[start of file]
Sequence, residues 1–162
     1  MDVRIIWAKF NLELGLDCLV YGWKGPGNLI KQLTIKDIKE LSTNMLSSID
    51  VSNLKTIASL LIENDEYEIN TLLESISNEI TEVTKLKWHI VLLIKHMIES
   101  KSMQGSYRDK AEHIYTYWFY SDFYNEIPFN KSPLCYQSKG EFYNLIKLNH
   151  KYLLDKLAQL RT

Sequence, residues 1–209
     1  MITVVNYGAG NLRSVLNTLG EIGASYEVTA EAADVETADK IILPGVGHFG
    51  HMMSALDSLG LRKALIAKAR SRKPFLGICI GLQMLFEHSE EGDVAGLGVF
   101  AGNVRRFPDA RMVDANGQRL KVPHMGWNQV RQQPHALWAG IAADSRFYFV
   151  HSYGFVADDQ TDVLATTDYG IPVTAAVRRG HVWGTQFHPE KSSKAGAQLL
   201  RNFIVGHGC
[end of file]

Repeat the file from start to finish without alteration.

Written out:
Sequence, residues 1–162
     1  MDVRIIWAKF NLELGLDCLV YGWKGPGNLI KQLTIKDIKE LSTNMLSSID
    51  VSNLKTIASL LIENDEYEIN TLLESISNEI TEVTKLKWHI VLLIKHMIES
   101  KSMQGSYRDK AEHIYTYWFY SDFYNEIPFN KSPLCYQSKG EFYNLIKLNH
   151  KYLLDKLAQL RT

Sequence, residues 1–209
     1  MITVVNYGAG NLRSVLNTLG EIGASYEVTA EAADVETADK IILPGVGHFG
    51  HMMSALDSLG LRKALIAKAR SRKPFLGICI GLQMLFEHSE EGDVAGLGVF
   101  AGNVRRFPDA RMVDANGQRL KVPHMGWNQV RQQPHALWAG IAADSRFYFV
   151  HSYGFVADDQ TDVLATTDYG IPVTAAVRRG HVWGTQFHPE KSSKAGAQLL
   201  RNFIVGHGC